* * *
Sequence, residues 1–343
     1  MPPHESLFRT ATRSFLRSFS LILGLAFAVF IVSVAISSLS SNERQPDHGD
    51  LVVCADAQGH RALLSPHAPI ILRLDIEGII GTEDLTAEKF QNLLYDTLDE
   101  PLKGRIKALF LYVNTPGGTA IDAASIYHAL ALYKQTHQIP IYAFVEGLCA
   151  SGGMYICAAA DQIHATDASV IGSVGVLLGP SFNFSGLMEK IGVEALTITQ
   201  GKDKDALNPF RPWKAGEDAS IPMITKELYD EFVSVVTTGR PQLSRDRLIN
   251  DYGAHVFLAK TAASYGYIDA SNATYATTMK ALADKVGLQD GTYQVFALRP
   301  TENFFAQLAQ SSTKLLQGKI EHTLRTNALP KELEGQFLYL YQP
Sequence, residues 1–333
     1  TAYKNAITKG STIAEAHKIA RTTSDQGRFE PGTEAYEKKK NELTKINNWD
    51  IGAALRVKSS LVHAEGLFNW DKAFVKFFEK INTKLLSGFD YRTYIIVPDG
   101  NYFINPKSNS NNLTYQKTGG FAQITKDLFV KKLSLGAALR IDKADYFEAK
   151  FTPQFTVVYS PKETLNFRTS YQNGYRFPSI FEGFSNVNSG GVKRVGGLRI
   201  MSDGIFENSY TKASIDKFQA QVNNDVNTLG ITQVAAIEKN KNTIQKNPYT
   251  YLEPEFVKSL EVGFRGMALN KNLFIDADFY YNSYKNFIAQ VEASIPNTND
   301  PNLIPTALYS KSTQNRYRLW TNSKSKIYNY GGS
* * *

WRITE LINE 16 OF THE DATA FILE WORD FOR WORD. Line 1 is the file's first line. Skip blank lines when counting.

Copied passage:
   301  PNLIPTALYS KSTQNRYRLW TNSKSKIYNY GGS